Society

Georgia’s privatized health care system is failing

by | Jul 22, 2013
eye_doctor

An eye doctor at Kharagauli hospital. (DFWatch photo.)

TBILISI, DFWatch–Medical personnel at the only hospital in Kharagauli haven’t received salary for the last four months, while the company which owns the management rights to the hospital is not fulfilling its obligations under the contract to rehabilitate the facility, which is almost falling apart.

There are about 40 employees in the hospital in Kharagauli, a borough in the western Imereti region, situated between high mountains. Only nine of them are doctors. The rest are nurses, assistants, accountants and others.

The chief physician at the hospital says that there is only one surgeon there, one gynecologist, and one pediatrician. There is an ultrasound machine in the hospital, but with no specialist. There is no cardiologist, no anesthesiologist, no dermatologist or endocrinologist.

The hospital has two emergency crew with two cars, but in one of them it is not possible to fit a patient, it only drives emergency crew to the spot. Another one is an old Soviet emergency crew car.

Pediatrician Nani Arevadze says that the hospital is still equipped with old equipment from the Soviet Union.

“There was no place to sit here when I first came back in 1985. There were many doctors and patients,” she remembers. Now if there is an emergency, the hospital will call in crew from Zestaponi, a nearby town, and the patient is placed there.

“As for the sanitary conditions, no matter how hard and how careful we clean this place, there are such bad conditions that you will still think it is not safe and clean here,” the head doctor says.

Irina Bibichadze, eye doctor, tells us that she has more patients compared to others, but her cabinet is in a very bad condition. Everything is old. There are no cleaning personnel, so the doctors have to clean everything themselves. Her cabinet doesn’t have a water supply and she carries water in bottles.

The personnel at Kharagauli hospital protested about a week ago demanding to get paid their salaries. The hospital’s total liabilities to the personnel is 17 000 lari (USD 10 200).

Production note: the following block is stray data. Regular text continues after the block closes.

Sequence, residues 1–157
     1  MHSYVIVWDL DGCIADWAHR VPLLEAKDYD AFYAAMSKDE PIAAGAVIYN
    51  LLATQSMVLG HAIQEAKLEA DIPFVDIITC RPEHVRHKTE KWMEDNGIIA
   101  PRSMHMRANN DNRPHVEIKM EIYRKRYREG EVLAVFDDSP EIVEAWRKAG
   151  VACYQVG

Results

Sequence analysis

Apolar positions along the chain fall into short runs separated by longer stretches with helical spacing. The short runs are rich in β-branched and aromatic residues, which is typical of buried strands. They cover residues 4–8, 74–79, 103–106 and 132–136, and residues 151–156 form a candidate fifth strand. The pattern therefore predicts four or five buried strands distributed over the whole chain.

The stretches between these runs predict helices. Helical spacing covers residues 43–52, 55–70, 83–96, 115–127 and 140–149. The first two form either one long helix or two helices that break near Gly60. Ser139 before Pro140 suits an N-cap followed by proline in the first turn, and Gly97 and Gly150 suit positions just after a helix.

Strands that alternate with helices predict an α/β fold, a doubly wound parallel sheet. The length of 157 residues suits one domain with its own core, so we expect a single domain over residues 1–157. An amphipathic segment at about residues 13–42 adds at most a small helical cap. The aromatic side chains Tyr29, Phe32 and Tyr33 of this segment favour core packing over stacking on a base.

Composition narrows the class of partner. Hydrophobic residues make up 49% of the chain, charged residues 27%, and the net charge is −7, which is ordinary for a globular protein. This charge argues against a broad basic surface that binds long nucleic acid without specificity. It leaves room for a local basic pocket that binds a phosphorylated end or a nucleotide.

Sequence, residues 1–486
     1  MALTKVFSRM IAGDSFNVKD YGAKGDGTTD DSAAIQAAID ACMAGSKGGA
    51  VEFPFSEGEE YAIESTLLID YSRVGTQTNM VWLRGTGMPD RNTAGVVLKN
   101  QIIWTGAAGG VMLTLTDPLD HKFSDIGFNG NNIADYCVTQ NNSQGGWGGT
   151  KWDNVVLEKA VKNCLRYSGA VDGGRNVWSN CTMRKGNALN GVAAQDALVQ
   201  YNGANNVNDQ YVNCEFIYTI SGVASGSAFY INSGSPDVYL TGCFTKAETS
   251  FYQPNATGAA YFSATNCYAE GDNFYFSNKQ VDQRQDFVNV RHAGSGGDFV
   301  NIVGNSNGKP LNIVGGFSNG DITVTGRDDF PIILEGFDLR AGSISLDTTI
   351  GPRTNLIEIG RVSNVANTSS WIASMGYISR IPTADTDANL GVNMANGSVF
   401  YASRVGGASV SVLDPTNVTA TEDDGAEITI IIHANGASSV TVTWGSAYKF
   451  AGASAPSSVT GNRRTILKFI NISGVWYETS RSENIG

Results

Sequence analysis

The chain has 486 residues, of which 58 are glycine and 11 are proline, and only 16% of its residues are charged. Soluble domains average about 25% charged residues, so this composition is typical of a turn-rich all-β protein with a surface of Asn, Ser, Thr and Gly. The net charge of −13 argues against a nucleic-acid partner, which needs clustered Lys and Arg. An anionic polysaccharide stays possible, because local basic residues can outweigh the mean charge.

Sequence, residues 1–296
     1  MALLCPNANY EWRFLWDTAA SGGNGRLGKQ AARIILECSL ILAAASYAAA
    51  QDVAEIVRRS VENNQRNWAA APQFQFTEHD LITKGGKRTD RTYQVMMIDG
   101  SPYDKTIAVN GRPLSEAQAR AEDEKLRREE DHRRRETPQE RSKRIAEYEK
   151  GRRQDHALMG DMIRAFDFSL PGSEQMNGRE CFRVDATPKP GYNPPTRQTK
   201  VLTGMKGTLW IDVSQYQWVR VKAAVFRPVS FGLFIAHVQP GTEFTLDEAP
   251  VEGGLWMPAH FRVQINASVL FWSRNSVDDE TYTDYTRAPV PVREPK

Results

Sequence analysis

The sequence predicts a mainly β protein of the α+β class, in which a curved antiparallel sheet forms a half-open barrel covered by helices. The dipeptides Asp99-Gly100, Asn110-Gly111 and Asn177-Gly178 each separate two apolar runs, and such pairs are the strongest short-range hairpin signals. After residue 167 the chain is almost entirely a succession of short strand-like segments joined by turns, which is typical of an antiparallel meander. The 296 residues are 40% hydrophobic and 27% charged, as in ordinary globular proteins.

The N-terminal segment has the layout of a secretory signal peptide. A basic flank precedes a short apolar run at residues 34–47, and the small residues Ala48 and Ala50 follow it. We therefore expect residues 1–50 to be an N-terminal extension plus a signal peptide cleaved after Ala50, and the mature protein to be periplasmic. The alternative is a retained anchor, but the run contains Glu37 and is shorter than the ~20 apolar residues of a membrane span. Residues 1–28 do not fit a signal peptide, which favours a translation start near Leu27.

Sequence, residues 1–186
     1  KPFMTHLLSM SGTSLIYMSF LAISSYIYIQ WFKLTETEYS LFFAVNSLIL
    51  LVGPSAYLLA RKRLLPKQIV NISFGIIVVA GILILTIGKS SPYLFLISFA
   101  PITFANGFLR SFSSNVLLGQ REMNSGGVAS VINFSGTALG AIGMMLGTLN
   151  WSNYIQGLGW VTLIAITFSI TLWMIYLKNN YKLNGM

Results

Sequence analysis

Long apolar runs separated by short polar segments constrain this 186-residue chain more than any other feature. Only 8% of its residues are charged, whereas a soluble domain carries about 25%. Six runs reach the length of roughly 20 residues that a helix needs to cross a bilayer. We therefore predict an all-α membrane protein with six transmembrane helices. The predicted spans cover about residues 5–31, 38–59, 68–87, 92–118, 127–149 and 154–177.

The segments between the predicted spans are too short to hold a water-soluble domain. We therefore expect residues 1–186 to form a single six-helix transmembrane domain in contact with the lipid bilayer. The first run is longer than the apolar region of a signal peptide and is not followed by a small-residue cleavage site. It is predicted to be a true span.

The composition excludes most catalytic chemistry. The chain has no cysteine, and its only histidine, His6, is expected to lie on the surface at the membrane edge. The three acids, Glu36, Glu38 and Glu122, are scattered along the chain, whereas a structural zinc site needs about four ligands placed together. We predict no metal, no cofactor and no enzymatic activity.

In 2011, the government transferred the management rights of the hospital to a company from Israel – Aditti. Aditti is responsible for rehabilitating and equipping hospitals in eight regions of Georgia. Doctors claim they do not want high technology if it is not affordable, but at least clean and safe environment in the hospital to normally serve patients.

Aditti, which means ‘hope’, was given three months of probationary time to fulfill obligations, but this term ended in the end of April 2013. Nothing has changed.

“Representatives of Aditti visited us recently. They walked from one cabinet to another surprised how we serve patients in such conditions and left like this,” Nani Arevadze remembers.

Hospital employees think the best solution would be if the government took management rights away from Aditti and took responsibility for rehabilitating the hospital.

Akaki Machavariani, head of Kharagauli’s local municipality, told journalists of media-tour, which is organized by Civil Development Agency (CiDA), that for years the only hospital in Kharagauli used to be very successful and patients came here for treatment from nearby villages and regions.

“Now we can say that there is no hospital in the region,” he said, adding that last week they had a meeting in the Health Ministry and representatives of eight regions said they had the same problems with Aditti: no salaries, no equipment, no rehabilitation. The company hasn’t fulfilled 5 percent of the obligations it had taken.

In an interview with one a local newspaper, Health Minister Davit Sergenko said that Aditti is one of the most scandalous issues in the health care system in Georgia, and that the problem didn’t start when the new government came to power, but has lasted for years. The company was given a last chance to correct its mistakes, but the final term ended on June 29.

“The Georgian government will take all the steps defined by law and defined by the contract,” the minister explained. He also said that if the government suspends the contract with Aditti, it will handle the problems from then on.

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